As throngs of people pack together like sardines in Times Square and various restaurants and bars across the eastern U.S., two powerhouse college football programs will be fighting for a spot in the College Football Playoff National Championship game.
Thursday's Cotton Bowl between Alabama and Michigan State will be the second of two College Football Playoff semifinal games played on the most unusual of sports TV nights: New Year's Eve. "It definitely presents a unique challenge," said Burke Magnus, ESPN's evp of programming and scheduling. "We're curious to see how it plays out."
Last year's inaugural College Football Playoff was a ratings boon for ESPN, as both semifinal games on New Year's Day averaged north of 28 million viewers. But thanks to contracts and the format of the College Football Playoff, which has the two semifinal games rotate among six different bowl games each year, the next two years will see the College Football Playoff try and steal away viewers who would otherwise go out to ring in the new year or watch New Year's Eve celebrations on TV.
"We know the audience will be huge, but at the same time, I think there will be a level of competition that is going to be very different from last year," Magnus said. Last year's coverage of New Year's Eve celebrations on broadcast networks ABC, NBC and Fox, as well as cable channels Fox News and CNN, combined for more than 38 million viewers. ABC's annual Dick Clark's New Year's Rockin' Eve special, hosted by Ryan Seacrest, drew 22.7 million viewers by itself.
And for once, ESPN has a plan to measure those viewers who choose to go out to local sports bars. Magnus said it's working with Nielsen to measure out-of-home viewers, something Nielsen is planning to do more of in 2016, with Thursday's games being the first major test of the new measurement. (ESPN won't have those figures until a few weeks into January.)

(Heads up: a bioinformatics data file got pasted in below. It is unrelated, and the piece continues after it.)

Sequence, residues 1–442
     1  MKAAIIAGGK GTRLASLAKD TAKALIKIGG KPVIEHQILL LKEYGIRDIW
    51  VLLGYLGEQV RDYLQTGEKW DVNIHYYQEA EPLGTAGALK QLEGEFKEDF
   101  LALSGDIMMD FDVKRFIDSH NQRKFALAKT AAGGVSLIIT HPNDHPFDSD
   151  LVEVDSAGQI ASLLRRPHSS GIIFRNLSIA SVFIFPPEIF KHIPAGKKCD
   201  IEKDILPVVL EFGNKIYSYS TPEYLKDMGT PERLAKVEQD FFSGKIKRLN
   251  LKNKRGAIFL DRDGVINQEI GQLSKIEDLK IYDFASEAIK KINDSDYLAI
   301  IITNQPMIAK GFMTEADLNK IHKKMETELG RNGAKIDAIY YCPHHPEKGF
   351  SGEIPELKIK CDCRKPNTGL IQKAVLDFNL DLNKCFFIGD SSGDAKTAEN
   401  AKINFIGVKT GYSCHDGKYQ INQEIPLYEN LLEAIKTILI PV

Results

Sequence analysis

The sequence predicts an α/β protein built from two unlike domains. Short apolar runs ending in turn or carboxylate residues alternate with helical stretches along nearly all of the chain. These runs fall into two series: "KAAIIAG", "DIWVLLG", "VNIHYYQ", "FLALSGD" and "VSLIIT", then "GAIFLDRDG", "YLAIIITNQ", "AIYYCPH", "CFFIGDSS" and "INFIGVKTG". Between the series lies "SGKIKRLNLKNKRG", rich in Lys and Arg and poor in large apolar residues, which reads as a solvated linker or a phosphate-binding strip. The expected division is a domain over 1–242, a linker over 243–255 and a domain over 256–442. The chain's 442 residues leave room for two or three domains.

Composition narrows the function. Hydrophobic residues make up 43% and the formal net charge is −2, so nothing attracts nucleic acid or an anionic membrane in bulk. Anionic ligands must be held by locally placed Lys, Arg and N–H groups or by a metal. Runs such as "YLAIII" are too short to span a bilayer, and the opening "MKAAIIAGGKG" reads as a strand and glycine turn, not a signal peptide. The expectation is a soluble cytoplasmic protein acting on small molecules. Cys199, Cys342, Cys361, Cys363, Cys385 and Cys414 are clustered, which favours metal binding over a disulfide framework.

Magnus also expects a record night for digital usage. "I think WatchESPN is going to set new records for people streaming on phones and tablets," he predicted. "People are going to find a way to watch in huge numbers."
Earlier this year, ESPN lobbied the College Football Playoff to move the semifinal games to Saturday, Jan. 2, but Magnus said there just wasn't enough time to move the games. "We were too close into the window of time for things to change with buildings, venues, all that stuff," he said.
Holding the semifinals on New Year's Eve is something ESPN is simply going to have to get used to. Between now and the end of the sports network's 12-year contract to air the College Football Playoff, the semis are scheduled for Dec. 31 seven more times. "We knew what we signed up for," said Magnus. He also said ESPN spent the bulk of the season letting viewers know that this year's semis were going to be held on Dec. 31. "We put most of our muscle behind that," Magnus said. ESPN's promo spots, for example, were centered around the New Year's Eve theme, like in this star-studded commercial:
The other College Football Playoff semifinal, the Orange Bowl between Clemson and Oklahoma, will kick off at 4 p.m. ET, so aside from people scrambling to get home from work, that game shouldn't see much viewer erosion. The key, according to Magnus however, was to ensure as best as they could that both games would be over before midnight.
And if Alabama and Michigan State are locked in an epic, multiple-overtime battle that stretches past midnight on the East Coast? The "surreal" experience of having one game span two separate calendar years aside, Magnus said ESPN would come up with something—perhaps with some help from corporate sibling ABC, which will be set up in Times Square—though he noted that the game itself will be played in the Central time zone, so it will finish well ahead of midnight there no matter how long it goes.
"If we got to that point, we'd get creative," Magnus said. "I'm sure we'd figure out a way to acknowledge that."